BIG DATA IN STARTUPS VS ENTERPRISES
March 23, 2016
Getting data - and using it - is one of the most important tasks for a startup.
In a recent article, Doing Data for Startups Versus Enterprise: 3 Core Differences, Matthew Ritter explains some of the comparative (dis)advantages of big data analytics in these two types of companies. Ritter focuses on three areas: Data sources, Time horizons, and Politics.
As a startup company doing analytics for large organizations, we have dealt with these issues through the years, and in particular with regards to data sources and access to data. There are some aspects of data sources that are increasingly important - and that potentially change the "balance of power" between startups and enterprises when it comes to access to valuable data.
It's normally an advantage for enterprises that have been in business for a while to have data respositories. Over the years, smart businesses collect and organize information on customers, products, market conditions, and competitors, as well as the internal workings of the company. A lot could be said about the capabilities of enterprises in analyzing and utilizing these data mountains (or lakes...), but having data is a great starting point for doing analytics.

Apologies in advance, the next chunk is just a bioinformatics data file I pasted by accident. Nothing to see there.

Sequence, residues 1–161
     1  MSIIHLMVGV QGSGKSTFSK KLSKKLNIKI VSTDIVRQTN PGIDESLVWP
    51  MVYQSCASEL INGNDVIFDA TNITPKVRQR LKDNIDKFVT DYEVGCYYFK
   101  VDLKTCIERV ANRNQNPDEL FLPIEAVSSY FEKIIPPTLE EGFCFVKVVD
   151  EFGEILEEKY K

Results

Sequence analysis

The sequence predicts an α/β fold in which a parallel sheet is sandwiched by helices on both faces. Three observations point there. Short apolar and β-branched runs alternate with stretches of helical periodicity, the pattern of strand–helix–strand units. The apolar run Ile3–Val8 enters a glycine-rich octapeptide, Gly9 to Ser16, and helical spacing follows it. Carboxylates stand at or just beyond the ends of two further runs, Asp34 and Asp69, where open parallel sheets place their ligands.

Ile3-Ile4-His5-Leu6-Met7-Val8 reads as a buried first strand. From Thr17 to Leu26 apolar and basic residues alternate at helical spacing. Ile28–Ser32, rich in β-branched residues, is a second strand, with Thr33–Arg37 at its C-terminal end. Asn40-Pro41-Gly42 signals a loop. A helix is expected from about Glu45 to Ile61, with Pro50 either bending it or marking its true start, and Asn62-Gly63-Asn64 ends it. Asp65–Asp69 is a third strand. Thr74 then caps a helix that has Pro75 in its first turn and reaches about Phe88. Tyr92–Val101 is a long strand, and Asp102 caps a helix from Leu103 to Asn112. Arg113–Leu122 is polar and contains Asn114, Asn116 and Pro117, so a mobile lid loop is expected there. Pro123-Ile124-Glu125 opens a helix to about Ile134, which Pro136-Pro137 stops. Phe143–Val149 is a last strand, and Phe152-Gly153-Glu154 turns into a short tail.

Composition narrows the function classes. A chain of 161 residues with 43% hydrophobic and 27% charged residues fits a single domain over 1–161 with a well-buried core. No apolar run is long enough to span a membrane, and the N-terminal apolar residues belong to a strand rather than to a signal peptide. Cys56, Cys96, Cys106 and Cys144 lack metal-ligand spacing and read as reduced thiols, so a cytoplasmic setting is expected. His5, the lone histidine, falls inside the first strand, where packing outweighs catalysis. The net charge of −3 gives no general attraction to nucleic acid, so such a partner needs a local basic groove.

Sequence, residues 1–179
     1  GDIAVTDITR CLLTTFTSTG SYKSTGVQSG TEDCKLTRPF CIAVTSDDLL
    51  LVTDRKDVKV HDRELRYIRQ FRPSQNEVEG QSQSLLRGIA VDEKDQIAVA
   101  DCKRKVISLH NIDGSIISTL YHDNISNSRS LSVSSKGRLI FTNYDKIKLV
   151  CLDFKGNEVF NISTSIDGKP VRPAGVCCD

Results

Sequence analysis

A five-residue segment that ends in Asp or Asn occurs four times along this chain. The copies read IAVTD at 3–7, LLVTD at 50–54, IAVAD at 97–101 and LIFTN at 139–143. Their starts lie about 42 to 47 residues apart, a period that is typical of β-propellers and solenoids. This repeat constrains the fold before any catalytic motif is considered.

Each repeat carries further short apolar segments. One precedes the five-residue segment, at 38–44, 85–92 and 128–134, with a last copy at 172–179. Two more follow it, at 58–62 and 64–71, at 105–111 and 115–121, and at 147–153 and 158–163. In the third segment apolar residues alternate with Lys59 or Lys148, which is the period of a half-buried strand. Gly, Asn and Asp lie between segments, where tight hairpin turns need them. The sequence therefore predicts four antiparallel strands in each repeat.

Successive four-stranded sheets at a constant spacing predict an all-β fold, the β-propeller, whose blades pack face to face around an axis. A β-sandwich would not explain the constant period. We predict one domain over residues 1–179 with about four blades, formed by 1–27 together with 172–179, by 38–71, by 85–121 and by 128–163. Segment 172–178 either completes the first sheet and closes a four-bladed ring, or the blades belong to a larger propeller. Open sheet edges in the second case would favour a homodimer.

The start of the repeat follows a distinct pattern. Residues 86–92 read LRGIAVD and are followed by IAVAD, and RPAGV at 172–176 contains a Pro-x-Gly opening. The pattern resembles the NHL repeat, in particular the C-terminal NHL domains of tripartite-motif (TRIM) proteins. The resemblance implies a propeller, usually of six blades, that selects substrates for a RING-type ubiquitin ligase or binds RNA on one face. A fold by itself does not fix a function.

Startups are without data (among other things) and have to go out and get them. In the currently popular Lean Startup / Minimum Viable Product / fail-fast thinking a vital startup activity is getting data and analyzing it. A startup with new and unique business ideas will naturally have to create their own data on customer reactions and product viability.
Getting data for market research and business development is another matter. The fast-developing API economy, described in this Forbes article, is a great opportunity for startups. There are more and more open datasources (here are 20 of them) available through APIs, which means that a smart business can hook up to sources and combine external data with their own. Some of the most valuable data comes with a price tag (say real-time market data), but that's a cost-benefit consideration.
The cloud is another megatrend that can aid startups. It's no longer necessary to build internal computing capacity, not even for storing data. The big players - Google, Microsoft, Amazon, IBM - are working actively to share their Big Data technology with small businesses and startups. Here's a recent announcement from Microsoft as an example.
In combination, open datasources, APIs and the cloud make it possible for analytically-minded startups to eliminate the disadvantages of not having data. And as Matthew Ritter points out, there are a number of great analytics tools that can be utilized - no need for startups to re-invent the wheel. Get ready - set - go!